• A friend asked how to make a memorial video for her dad. You can do so directly in Photos (select images/videos, tap the “+” icon on iOS or Android, and tap “Movie”), or you can download content to your Mac or PC, browse it via Picasa, and make a face movie or regular movie using whatever music you’d like. (Select images, then choose Create->Movie.)

The circumstances mean that these tasks aren’t exactly fun, but I’ve found that the results can be very meaningful.

100+ million people adopt Google Photos in five months!

To echo my teammates, thanks for the amazingly warm reception!

PM data whiz Chris Perry has posted 11 interesting insights into what & where people shoot most often, what they search for (babies! dogs! duh :-)), and more. My favorite detail: “We’ve freed up 3,720 terabytes of storage. That’s like filling up a 16GB phone with photos every day for 637 years.”

This scale of user community is such a change for me. My work on Photoshop would reach a couple of million people, and I loved knowing that many of them would use a given enhancement dozens or even hundreds of times per day. At Google the work can reach orders of magnitude more people, but naturally the average person’s use will be far more casual. Both kinds of impact can be very satisfying—just very different.

More great stuff is on its way, and comments & questions are always welcome. Onward!


Demo: Collaborative albums & more in Google Photos

Fifty billion photos & videos backed up since the product launched in May; yeah, that’ll happen when you say “free & unlimited.” 🙂 

Here’s a concise demo of how Photos will help you pool photos with friends & family, let people sign up for email updates, label people, and display your images via Chromecast. (Oh, and I really hope that “Dutch Thunder on the beach in Cancun” become a thing.)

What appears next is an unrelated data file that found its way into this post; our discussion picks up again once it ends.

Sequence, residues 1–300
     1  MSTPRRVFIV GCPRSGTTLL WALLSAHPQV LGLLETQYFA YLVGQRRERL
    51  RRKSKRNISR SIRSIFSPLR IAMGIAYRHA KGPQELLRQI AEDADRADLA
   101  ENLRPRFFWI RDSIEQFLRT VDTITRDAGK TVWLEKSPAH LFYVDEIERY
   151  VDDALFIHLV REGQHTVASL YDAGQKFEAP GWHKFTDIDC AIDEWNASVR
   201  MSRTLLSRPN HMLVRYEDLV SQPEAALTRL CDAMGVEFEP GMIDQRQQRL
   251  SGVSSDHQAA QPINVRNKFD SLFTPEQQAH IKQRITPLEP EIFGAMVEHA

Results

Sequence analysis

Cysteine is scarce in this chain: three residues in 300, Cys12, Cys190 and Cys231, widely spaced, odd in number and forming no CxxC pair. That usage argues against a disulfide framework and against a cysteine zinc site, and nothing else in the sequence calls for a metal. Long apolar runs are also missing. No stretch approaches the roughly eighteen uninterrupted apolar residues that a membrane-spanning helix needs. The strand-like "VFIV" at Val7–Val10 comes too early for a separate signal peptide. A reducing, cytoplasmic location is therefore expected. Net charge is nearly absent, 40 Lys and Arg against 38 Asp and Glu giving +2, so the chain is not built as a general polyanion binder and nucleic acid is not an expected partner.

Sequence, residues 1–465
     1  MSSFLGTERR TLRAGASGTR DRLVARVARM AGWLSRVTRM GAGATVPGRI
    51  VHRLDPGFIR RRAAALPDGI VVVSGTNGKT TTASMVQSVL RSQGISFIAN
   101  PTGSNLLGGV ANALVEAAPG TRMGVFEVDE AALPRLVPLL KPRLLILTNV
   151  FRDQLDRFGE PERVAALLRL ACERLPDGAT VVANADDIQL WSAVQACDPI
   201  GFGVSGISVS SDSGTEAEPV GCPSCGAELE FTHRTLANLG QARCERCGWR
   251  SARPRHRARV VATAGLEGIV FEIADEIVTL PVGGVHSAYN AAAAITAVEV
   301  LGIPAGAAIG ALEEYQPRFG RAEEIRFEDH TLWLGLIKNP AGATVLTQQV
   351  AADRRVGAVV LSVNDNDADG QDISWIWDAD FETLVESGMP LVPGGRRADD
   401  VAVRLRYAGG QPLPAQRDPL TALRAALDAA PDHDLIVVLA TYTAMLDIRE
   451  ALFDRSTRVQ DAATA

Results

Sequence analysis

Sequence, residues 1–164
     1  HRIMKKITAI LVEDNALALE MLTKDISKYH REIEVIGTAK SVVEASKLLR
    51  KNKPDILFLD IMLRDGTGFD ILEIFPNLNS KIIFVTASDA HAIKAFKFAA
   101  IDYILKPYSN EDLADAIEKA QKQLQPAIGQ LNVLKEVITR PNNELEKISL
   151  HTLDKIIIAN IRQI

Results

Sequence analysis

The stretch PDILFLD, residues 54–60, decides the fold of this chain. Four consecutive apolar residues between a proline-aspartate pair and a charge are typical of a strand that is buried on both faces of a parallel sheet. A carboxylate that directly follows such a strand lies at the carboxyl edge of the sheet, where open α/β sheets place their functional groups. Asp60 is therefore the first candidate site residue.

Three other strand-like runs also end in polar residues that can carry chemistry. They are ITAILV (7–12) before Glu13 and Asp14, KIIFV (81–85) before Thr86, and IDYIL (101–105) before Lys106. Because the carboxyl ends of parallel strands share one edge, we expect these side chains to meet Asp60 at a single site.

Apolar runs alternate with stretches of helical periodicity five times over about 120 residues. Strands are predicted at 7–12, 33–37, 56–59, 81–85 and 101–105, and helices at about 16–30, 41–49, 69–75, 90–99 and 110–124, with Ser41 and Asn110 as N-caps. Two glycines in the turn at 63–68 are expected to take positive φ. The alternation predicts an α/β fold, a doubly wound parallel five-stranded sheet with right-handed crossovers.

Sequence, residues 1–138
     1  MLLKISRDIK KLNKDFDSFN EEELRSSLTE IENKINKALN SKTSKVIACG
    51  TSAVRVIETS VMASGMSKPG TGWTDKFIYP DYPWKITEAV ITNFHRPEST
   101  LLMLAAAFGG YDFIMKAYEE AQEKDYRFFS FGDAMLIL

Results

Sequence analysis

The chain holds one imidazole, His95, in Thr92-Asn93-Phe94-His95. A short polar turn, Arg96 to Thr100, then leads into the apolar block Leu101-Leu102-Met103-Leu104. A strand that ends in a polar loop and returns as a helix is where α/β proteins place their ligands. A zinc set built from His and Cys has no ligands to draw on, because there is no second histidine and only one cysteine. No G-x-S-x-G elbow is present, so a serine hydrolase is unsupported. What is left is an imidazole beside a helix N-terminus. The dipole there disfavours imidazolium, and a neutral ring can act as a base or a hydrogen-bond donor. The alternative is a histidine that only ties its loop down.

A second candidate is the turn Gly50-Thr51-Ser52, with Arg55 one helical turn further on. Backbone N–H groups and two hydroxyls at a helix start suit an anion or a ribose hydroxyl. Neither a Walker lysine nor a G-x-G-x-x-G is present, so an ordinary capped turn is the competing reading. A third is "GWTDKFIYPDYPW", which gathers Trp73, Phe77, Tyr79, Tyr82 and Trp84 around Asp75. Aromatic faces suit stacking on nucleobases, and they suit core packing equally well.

If the video below doesn’t start at the correct point, jump right to 39:17.


Coming soon to Google Photos: Collaborative albums & more

Want to pool your kid photos with your partner so that your parents can always stay up to date? Or search for a person by name, or share your photos on a big screen via Chromecast? It’s all rolling out—some now, some coming soon—across Android, iOS, and web.

Per the team’s post:

People Labeling

Label the people in your photos by what you call them, name or nickname.

This week in the U.S. you’ll be able to label the people in your photos however you want – Mom can be “Mom”, “Juliana”, or “Cat Lady” – whatever you choose. These labels are completely private to you and are not associated with a Google account or profile. Once people in your photos are labeled, you can make advanced searches to find photos of people with things, places or people, such as “Mom at the beach” or “Juliana and Marco in Hawaii.”

People labeling is rolling out in the U.S. this week on Android and is coming soon to iOS and the web.

Shared Albums